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New Covid 'NeoCov' Found Among Bats Dangerous to Humans? Here's What WHO Has to Say

By: News Desk

News18.com

Last Updated: January 28, 2022, 18:08 IST

For File: A man gets a swab for the Covid-19 test to meet traveling requirements at a mobile coronavirus testing facility. (Representational image credit: AP)

For File: A man gets a swab for the Covid-19 test to meet traveling requirements at a mobile coronavirus testing facility. (Representational image credit: AP)

According to the WHO, concerns regarding the possibility of the NeoCov Coronavirus posing a threat to humans requires further study.

After Chinese researchers detected a new type of coronavirus ‘NeoCov’ among bats in South Africa, the World Health Organisation (WHO) on Friday said research on claims of high death and transmission rate needs further clarity. “Whether the virus detected in the study will pose a risk for humans will require further study," the health body was quoted as saying to TASS news agency.

According to scientists from the Wuhan University and the Chinese Academy of Sciences’ Institute of Biophysics, NeoCov virus is associated with the Middle East Respiratory Syndrome coronavirus (MERS-CoV) outbreak in 2012 and 2015 and is similar to the SARS-CoV-2, which causes Coronavirus in humans.

While NeoCoV was discovered in a bat population in South Africa and has only been known to spread among these animals, a new study discovered that NeoCoV and its close relative PDF-2180-CoV can infect humans. “It is only one mutation away from becoming dangerous for humans," researchers said in an unpeered study published as a preprint on the bioRxiv website.

However, according to the WHO, concerns regarding the possibility of the NeoCov Coronavirus posing a threat to humans requires further study. “Animals, particularly wild animals, are the source of more than 75 per cent of all emerging infectious diseases in humans, many of which are caused by novel viruses. Coronaviruses are often found in animals, including in bats which have been identified as a natural reservoir of many of these viruses," the global body explained.

The WHO added that it “works closely" with the World Organisation for Animal Health (OIE), the Food and Agriculture Organisation (FAO) and the UN Environment Program (UNEP) in order to “monitor and respond to the threat of emerging zoonotic viruses." The WHO told TASS that its experts were aware of this research, and “thank the researchers for sharing their findings in a preprint."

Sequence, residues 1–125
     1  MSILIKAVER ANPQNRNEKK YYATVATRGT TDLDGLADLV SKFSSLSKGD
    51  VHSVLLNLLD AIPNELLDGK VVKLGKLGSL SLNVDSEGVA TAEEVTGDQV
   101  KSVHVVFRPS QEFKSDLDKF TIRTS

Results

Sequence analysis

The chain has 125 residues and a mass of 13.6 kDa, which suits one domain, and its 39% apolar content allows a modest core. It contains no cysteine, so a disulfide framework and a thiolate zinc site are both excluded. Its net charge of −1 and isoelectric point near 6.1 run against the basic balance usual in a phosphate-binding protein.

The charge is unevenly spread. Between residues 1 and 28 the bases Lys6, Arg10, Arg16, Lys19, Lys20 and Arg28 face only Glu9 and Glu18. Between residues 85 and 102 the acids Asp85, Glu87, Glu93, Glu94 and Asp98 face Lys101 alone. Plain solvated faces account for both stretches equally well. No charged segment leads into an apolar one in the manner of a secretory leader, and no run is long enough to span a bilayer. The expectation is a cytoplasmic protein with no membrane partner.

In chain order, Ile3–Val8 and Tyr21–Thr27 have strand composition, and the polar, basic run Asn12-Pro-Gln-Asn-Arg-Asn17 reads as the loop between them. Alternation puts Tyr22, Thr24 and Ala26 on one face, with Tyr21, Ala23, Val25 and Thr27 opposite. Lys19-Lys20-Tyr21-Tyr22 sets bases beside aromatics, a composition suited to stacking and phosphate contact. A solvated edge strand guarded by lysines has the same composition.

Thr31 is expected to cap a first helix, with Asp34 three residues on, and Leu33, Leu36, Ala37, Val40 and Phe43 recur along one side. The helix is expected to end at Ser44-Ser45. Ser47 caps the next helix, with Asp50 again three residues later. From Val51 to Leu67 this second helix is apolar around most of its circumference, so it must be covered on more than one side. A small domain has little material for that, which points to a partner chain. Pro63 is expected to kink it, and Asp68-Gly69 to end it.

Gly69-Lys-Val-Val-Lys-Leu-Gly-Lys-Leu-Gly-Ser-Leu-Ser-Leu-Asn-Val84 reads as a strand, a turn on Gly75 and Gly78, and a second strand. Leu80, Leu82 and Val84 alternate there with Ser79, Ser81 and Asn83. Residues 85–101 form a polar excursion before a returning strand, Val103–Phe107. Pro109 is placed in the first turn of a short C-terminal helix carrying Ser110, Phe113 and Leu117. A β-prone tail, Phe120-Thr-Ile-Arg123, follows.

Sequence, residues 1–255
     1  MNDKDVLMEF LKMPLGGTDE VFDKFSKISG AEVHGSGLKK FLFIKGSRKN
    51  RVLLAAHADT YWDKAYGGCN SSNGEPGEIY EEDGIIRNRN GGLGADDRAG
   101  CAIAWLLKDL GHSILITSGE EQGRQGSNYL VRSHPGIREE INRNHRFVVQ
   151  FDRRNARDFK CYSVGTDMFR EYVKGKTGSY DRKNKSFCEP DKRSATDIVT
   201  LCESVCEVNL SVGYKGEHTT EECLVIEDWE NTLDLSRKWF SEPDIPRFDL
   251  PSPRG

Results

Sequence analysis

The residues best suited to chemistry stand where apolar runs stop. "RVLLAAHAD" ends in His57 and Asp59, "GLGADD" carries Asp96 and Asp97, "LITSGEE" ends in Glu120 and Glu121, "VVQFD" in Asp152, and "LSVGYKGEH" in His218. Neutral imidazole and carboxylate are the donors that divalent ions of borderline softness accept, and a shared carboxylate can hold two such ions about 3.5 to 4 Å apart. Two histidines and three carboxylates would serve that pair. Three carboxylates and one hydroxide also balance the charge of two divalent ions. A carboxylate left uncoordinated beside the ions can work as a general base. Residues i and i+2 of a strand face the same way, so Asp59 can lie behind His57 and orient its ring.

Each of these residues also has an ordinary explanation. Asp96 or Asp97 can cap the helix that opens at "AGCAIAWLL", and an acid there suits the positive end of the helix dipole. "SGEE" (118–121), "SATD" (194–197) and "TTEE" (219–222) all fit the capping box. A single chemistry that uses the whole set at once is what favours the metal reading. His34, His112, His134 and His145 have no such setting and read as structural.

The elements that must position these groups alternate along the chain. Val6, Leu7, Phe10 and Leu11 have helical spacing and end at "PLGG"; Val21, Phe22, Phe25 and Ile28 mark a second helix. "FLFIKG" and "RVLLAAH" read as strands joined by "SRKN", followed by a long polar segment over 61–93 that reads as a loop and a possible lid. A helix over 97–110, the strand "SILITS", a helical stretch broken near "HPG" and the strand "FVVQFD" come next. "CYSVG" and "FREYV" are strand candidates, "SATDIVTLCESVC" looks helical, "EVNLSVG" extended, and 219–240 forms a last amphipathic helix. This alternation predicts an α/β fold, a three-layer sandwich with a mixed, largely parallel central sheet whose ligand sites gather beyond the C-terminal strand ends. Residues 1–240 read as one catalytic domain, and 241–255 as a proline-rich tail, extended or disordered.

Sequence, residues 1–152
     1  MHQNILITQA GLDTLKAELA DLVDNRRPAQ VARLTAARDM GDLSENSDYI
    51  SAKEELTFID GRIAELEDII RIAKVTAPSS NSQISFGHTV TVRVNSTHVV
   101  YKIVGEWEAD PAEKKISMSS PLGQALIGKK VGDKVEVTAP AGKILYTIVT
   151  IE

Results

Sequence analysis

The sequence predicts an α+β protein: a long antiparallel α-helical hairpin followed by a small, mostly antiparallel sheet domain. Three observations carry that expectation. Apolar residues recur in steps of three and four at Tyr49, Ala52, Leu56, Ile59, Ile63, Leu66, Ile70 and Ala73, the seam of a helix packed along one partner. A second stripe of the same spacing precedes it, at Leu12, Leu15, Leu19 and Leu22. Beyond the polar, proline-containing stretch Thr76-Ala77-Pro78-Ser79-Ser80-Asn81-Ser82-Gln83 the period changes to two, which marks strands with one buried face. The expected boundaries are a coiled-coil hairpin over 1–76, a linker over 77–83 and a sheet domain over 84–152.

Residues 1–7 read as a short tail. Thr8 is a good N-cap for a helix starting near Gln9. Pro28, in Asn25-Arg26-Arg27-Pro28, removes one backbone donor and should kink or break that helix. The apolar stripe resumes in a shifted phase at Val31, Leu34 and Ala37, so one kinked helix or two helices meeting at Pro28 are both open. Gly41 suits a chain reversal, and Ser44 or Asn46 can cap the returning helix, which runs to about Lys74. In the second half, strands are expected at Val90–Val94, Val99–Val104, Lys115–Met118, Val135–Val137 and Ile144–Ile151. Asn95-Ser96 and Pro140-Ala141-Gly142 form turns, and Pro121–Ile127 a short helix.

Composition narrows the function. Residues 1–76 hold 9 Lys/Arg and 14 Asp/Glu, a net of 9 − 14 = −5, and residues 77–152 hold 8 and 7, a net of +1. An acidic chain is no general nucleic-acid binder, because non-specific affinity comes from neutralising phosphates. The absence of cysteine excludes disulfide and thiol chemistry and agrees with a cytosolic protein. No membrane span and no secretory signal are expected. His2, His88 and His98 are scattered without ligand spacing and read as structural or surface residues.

The discovery by the Chinese researchers has raised eyebrows as the findings stated that the NeoCoV and its close relative PDF-2180-CoV can efficiently use some types of bat Angiotensin-converting enzyme 2 (ACE2) and, less favourably, human ACE2 for entry into cells. The study “demonstrates the first case of ACE2 usage in MERS-related viruses, shedding light on a potential bio-safety threat of the human emergence of an ACE2 using ‘MERS-CoV-2’ with both high fatality and transmission rate".

This means NeoCoV carries the potential combination of MERS-high CoV’s mortality rate (one in every three infected person dies) and the current SARS-CoV-2 Coronavirus’s high transmission rate.

It was also found that the infection could not be cross-neutralised by antibodies targeting SARS-CoV-2 or MERS-CoV.

Meanwhile, Russian scientists that noted the discovery, shows that the variants of viruses capable of binding to human receptors without any adaptation are already circulating directly in the wild, TASS reported. Yet, it is difficult to assess its dangers, Head of the Biotechnology Laboratory of the Gamaleya Center Sergey Alkhovsky was quoted as saying.

“This is a rather serious, interesting discovery but it is very difficult to estimate the direct danger of this particular strain. We can state that there is a multitude of these strains circulating in the wild and we need to study this multitude, this genetic diversity and promote research in this area," he said at the meeting of the Scientific Council of the Russian Academy of Sciences.

The report comes as the Covid-19 variant Omicron and continued rise in Delta cases trigger outbreaks in countries across the globe. Although terms like “delmicron" and “flurona" or “florona" have done the rounds amid the rise of the Omicron variant, experts have been at pains to dispel rumour-mongering around the pandemic. “Delmicron" was used to suggest a surge fuelled by the Delta and Omicron variants while “florona" referred to the discovery of flu and Covid-19 in a single patient, a situation that experts have anticipated.

The coronavirus has killed at least 5,625,889 people since the outbreak emerged in China in December 2019, according to an AFP tally compiled from official sources on Thursday.

(With inputs from agencies)

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first published:January 28, 2022, 17:25 IST
last updated:January 28, 2022, 18:08 IST
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